Resurrecting the Champ
2007, PG-13, 111 min. Directed by Rod Lurie. Starring Samuel L. Jackson, Josh Hartnett, Kathryn Morris, David Paymer, Teri Hatcher, Alan Alda, Harry J. Lennix, Peter Coyote.
REVIEWED By Marjorie Baumgarten, Fri., Aug. 24, 2007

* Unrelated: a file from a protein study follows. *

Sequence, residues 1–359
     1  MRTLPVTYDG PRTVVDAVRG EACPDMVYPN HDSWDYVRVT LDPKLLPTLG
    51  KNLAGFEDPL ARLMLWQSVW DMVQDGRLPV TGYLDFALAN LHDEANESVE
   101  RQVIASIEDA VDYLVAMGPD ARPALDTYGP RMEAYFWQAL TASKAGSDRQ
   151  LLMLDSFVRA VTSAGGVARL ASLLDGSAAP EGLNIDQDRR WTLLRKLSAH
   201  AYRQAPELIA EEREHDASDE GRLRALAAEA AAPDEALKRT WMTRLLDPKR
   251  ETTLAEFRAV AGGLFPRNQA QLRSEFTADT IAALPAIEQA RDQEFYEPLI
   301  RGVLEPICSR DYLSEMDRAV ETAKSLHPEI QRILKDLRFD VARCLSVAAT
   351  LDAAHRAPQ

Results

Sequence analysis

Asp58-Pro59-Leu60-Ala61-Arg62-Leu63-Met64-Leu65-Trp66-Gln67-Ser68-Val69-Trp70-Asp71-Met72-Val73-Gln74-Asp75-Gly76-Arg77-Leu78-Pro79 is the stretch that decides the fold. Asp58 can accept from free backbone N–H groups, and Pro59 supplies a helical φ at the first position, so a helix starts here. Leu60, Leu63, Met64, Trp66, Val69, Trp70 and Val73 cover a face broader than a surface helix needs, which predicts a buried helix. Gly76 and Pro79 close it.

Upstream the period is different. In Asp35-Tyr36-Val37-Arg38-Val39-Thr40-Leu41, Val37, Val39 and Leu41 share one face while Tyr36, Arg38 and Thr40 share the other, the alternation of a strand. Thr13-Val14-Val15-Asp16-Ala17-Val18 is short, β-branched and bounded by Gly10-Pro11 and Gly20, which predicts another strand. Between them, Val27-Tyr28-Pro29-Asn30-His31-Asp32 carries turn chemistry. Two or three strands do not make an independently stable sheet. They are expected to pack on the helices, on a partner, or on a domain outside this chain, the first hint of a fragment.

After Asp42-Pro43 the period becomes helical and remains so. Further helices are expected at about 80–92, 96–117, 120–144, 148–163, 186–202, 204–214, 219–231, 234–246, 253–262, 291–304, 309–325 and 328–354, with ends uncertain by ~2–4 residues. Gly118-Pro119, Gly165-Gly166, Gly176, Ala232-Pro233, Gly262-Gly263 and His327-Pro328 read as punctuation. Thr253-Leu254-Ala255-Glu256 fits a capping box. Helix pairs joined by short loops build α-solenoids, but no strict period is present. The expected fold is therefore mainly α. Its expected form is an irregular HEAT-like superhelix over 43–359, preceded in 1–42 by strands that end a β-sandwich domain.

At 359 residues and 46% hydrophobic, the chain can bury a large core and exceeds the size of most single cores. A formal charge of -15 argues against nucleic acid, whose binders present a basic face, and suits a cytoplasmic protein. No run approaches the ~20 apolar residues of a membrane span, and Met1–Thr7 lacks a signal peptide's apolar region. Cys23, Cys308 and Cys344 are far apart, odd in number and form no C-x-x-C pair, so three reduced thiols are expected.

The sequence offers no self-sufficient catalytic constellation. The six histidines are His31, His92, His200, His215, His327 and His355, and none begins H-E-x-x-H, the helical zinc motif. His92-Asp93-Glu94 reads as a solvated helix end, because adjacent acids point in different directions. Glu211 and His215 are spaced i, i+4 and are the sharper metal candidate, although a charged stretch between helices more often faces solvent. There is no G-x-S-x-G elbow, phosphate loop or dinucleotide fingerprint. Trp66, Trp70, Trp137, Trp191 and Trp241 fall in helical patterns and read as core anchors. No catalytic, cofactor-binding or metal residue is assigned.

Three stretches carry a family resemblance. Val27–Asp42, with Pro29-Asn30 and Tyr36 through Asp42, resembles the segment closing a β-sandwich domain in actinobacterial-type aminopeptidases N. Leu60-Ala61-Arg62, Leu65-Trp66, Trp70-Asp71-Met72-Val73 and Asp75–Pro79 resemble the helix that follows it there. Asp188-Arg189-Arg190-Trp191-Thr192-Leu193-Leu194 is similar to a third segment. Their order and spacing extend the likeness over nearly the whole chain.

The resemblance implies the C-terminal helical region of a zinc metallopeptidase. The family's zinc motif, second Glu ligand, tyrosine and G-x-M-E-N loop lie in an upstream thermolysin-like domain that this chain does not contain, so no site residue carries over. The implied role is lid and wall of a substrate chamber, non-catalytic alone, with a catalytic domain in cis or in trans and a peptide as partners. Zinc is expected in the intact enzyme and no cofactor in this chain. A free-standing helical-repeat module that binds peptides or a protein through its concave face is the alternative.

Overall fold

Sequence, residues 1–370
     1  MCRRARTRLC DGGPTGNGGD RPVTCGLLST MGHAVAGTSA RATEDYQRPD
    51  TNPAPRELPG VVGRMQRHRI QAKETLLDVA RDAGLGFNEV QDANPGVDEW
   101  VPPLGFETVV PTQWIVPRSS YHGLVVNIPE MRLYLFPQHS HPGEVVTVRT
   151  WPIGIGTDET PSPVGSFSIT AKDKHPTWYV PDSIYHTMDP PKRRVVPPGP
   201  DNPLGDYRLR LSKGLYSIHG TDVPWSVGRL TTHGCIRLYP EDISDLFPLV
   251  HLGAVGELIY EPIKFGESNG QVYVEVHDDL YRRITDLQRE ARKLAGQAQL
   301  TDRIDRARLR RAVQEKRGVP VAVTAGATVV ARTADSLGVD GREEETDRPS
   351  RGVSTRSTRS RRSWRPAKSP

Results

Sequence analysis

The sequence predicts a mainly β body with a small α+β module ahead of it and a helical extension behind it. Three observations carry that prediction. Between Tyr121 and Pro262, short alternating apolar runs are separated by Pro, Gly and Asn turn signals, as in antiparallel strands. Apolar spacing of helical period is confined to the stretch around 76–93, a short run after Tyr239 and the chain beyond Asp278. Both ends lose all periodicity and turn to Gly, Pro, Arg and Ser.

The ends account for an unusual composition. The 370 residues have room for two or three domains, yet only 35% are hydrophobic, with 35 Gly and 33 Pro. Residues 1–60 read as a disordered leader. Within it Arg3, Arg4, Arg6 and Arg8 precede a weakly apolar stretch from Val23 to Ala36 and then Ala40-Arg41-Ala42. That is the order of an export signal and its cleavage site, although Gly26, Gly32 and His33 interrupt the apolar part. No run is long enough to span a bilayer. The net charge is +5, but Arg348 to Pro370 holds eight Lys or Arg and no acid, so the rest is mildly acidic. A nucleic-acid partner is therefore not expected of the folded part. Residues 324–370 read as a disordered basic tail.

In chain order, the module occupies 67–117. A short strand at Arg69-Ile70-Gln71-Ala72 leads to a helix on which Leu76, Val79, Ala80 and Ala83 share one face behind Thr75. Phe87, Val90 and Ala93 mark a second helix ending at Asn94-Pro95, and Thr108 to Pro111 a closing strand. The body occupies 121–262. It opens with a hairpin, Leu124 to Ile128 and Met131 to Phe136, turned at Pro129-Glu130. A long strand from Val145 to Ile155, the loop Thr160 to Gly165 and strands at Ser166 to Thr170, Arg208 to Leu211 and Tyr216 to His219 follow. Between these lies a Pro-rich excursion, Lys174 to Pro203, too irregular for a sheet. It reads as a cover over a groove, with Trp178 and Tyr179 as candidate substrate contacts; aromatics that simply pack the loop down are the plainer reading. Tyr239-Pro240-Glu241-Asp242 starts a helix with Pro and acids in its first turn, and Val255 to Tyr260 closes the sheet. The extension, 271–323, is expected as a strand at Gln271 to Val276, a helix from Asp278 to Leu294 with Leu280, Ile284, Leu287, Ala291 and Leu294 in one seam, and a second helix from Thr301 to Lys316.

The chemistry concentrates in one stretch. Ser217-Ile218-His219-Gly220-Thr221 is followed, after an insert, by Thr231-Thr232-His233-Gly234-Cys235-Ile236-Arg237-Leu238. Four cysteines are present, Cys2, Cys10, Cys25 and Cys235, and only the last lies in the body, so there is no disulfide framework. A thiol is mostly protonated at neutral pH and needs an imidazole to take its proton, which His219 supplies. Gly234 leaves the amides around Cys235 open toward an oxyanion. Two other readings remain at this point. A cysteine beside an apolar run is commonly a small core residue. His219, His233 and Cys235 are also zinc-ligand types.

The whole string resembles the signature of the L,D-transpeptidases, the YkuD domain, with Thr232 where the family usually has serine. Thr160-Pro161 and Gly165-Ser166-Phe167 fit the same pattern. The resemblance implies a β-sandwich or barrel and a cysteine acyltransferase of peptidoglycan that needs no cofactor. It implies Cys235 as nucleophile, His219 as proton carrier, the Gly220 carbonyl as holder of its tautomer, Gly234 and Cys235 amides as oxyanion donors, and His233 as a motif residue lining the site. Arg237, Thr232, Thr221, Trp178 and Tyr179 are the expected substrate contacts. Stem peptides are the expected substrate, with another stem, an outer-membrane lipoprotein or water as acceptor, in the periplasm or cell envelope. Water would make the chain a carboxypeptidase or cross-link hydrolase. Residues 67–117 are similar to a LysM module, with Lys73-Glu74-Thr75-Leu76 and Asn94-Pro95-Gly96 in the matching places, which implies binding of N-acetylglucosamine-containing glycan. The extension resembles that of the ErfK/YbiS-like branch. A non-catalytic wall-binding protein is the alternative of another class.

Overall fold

Several morality plays vie for attention in Resurrecting the Champ, a story about a Denver sportswriter, Erik Kernan (Hartnett), who’s yearning to break free of his workmanlike reputation and pen a story that will make his editors sit up and take notice. At times, it’s also a story about the failure of journalistic ethics and fact-checking, as well as a cautionary tale about the blind regard with which we view our sports heroes. And it’s also a sentimental drama about fathers and sons and the emotional distances between them. Though most of these narrative facets provide interesting fodder, none are satisfactorily developed creating a hodgepodge effect. Were it not for the solid cast performances, and in particular the showy Jackson performance as the Champ of the title, the visually bland movie would warrant little attention. Jackson raises his vocal register into a high-pitched rasp as the homeless, alcoholic ex-prizefighter whose cranium has clearly taken a few too many punches. Erik discovers Champ in a Denver alleyway, and falls hook, line, and sinker for his story about being the former middleweight champion Bob Satterfield. It’s a story that might finally impress his hard-to-please editor (Alda), who frankly dismisses Erik’s pieces as having “lots of typing but not much writing.” Erik is also stymied by following in the footsteps of his father, who was a legendary sportscaster, and his fears of becoming estranged from his son, who lives with his ex (Morris), who is a highly respected journalist at his paper (yet another tension: Which one of them is going to Career Day at their son’s school?). Soon, the pieces begin to unravel, and the errors caused by Erik having sacrificed due journalistic diligence to the demands of his ambition create a maelstrom that pushes the film toward Shattered Glass territory. Now diminished in the eyes of his adoring son and the legacy of his widely beloved dad, Resurrecting the Champ also threatens to turn into a modern male weepie. Resurrecting the Champ is anything but a standard boxing film, despite having a few good boxing sequences. One thing the film portrays spot-on is newsroom culture, perhaps because director Lurie (The Contender, and executive producer of TV’s Commander in Chief) is a former critic and entertainment reporter. Still, his depiction of a programming executive from the Showtime channel (Hatcher) as a unprincipled barracuda is extremely harsh. Resurrecting the Champ stays on its feet through all the rounds, but it never “floats like a butterfly.”